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Active Homes
Aging in Place Home Modification
a division of Greenhouse Construction
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Active Homes

Converting Homes to a much safer, comfortable, accessible and greener place to live.

Active Homes is a full service remodeling company that specializes in providing services and products that allows homeowners to live their lives comfortably and safely in their current home for the years to come. Our goal is to create an accessible , comfortable and a safe home that will allow homeowners to enjoy the convenience their own home with out the ” hospital-look” design.

Certified aging in place specialist in Los Angeles

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We want you to be our next Happy Client! 

AHtestimonial from Active Homes on Vimeo.

This is a great project and our awesome clients Mr. and Mrs McCrary in Los Angeles.

We created a modern design roll-in, barrier free bathroom shower and accessible kitchen to meet their needs while maintaining a level of stylish elegance.


McCrary’s The Project-ADA Bath from Active Homes on Vimeo






Active Homes is located in Southern California and is based in Los Angeles.

We welcome all inquiries and offer free consultations and assessments:

Tel: (855) 924-7663






Santa Monica Kitchen Remodeling-Aging-in-place-specialist


Active Homes was featured in Los Angeles Daily News Home and Garden Year Ender

Universal design: Redesigning homes for all stages of life


By Sandra Barrera, Los Angeles Daily News

POSTED: 12/26/14, 12:29 PM PST |


Narrow doors, cramped spaces and steps — three just to get in and out of the house.

Chian-Ian Kuan is planning to target these trouble-spots in a near-future remodel so she can go on living in her postwar Torrance home as she ages, no matter what hurdles her twilight years bring.

“Right now I’m OK, but I want to be able to live here as long as I can and as long as it’s safe,” says Kuan, an effervescent 57-year-old social worker hobbling around her house with a sprained ankle on a recent afternoon while sharing her vision of universal design — attractive, well-thought-out spaces that allow people at all stages of life to comfortably move about the same house.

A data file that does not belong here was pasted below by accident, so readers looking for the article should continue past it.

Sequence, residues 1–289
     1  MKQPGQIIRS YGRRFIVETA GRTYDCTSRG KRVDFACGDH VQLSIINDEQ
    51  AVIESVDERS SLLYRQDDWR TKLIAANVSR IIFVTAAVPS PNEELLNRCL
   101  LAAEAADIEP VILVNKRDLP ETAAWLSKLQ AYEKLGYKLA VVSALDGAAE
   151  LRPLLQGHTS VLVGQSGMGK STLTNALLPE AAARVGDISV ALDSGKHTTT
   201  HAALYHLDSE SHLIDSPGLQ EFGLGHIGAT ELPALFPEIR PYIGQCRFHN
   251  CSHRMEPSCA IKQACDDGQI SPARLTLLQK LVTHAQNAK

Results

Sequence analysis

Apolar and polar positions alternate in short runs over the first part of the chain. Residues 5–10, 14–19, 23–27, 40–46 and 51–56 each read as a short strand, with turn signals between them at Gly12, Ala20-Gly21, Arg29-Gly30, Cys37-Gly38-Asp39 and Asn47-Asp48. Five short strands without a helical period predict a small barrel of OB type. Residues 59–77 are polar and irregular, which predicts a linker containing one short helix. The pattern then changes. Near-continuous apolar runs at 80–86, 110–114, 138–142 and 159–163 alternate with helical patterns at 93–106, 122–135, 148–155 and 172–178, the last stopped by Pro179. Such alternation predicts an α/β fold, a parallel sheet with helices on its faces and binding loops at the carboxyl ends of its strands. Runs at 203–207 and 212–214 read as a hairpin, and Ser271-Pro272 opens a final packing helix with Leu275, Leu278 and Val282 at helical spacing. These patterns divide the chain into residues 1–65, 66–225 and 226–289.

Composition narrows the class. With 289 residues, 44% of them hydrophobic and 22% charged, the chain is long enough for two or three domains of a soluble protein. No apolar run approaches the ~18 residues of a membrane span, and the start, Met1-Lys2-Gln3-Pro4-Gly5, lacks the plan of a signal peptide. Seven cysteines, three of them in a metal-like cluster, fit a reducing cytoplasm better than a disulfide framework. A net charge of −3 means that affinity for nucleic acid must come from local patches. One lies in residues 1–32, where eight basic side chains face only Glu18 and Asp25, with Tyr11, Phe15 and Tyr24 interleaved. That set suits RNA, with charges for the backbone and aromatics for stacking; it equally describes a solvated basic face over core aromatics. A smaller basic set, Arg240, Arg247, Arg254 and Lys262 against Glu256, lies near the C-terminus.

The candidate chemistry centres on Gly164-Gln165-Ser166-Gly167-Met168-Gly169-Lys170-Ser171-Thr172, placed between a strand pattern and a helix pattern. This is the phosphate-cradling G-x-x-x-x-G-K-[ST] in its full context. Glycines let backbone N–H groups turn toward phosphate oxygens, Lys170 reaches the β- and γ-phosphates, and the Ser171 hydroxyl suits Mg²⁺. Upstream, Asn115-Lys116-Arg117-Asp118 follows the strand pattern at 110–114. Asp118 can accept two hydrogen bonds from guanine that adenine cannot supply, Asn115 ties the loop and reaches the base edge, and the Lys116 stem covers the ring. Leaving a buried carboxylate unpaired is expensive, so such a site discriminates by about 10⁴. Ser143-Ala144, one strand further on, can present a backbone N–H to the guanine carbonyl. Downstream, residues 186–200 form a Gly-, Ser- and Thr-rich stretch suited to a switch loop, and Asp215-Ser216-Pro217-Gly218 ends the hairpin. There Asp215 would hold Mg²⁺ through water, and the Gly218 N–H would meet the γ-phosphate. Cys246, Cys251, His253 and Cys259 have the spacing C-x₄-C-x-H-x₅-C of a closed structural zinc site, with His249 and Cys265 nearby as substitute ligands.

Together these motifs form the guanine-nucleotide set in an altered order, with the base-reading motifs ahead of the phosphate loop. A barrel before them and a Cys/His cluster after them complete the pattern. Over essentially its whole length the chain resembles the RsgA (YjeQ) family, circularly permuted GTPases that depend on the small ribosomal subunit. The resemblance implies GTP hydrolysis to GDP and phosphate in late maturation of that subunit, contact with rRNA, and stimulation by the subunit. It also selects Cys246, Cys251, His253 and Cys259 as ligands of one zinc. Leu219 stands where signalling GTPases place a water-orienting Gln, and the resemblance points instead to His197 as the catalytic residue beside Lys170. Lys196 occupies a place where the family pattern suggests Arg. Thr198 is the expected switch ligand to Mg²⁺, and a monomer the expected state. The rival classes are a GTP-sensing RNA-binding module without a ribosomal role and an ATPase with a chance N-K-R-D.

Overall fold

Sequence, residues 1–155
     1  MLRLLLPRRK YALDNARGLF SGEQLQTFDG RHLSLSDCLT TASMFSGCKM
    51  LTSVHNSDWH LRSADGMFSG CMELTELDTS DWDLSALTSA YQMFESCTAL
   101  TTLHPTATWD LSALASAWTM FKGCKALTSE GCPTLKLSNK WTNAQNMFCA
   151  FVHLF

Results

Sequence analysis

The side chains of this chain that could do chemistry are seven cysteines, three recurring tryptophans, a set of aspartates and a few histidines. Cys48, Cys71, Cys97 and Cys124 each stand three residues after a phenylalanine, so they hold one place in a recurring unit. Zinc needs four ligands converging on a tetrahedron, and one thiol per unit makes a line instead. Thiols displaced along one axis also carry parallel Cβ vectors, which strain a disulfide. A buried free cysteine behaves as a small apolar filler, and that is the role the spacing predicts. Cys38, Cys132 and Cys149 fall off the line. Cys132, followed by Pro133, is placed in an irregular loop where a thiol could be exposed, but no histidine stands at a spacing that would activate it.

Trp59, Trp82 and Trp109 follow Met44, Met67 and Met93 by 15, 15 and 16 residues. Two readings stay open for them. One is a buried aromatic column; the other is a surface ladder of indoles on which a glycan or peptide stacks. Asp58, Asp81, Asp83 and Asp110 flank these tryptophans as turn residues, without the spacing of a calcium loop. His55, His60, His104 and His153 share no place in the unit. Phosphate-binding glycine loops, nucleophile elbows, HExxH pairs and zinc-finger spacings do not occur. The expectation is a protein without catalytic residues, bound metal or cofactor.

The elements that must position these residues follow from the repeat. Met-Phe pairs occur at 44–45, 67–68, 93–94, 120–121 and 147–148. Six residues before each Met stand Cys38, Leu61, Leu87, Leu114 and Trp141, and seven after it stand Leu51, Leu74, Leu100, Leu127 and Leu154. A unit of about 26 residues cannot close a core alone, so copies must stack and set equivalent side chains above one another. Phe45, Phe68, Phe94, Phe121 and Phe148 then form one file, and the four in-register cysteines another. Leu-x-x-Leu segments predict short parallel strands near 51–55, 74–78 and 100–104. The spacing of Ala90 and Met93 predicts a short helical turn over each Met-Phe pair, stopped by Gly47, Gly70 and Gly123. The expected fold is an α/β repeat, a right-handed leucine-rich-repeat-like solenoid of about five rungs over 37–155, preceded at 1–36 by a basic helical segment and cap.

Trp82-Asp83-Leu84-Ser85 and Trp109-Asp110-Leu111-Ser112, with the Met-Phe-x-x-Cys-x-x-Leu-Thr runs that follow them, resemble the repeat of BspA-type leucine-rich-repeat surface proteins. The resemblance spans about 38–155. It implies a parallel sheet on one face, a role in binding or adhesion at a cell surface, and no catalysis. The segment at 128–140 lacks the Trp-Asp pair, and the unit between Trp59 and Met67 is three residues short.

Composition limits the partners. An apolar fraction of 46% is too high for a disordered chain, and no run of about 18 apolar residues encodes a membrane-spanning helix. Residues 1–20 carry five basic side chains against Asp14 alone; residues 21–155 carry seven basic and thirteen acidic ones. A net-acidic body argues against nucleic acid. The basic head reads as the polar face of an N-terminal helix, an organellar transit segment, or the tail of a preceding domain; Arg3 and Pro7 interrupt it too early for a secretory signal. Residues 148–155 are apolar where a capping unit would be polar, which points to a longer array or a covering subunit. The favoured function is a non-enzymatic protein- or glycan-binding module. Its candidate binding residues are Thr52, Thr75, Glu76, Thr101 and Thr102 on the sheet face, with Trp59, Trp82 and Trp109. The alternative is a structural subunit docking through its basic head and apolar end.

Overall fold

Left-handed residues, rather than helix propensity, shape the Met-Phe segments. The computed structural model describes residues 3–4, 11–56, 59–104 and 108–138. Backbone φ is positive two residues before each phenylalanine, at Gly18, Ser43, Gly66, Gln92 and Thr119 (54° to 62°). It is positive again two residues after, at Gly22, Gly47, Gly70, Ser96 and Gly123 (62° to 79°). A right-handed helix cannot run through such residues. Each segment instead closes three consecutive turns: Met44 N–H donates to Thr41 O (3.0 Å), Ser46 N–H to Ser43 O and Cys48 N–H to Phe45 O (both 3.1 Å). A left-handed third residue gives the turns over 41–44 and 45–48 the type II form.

For seniors, universal design also makes it possible to age in place, which is what a majority of people in the United States want. And the desire to stay put only becomes more prevalent as people grow older.

According to a 2014 AARP report, almost nine in 10 people 65 and older say they want to continue living in their current home and community.

“I just became a lifetime member of the North Torrance Homeowners Association,” says Kuan, who has spent the past year consulting with USC occupational therapy students, architects and designers about retrofitting the home where she single-handedly raised two sons. “The reason I bought this house was because I wanted my sons to go to Torrance schools. Now they’re gone and it’s time for me to remodel the house.”

Built in 1956, it’s one of three designs in R.A. Watt’s Sun Ray Estates designed as affordable housing for soldiers returning from the war. And while it’s changed owners a few times, the single-story house that sits three steps up from the lawn has never once been remodeled.

And there’s the problem — it’s cluttered and in disrepair.

Kuan ticks off a list of improvements that includes replacing all of the windows with energy-efficient models, tearing down the wall dividing the dining area from the kitchen to open up the space, and installing pull-down shelving systems in the kitchen cabinets to make items more accessible.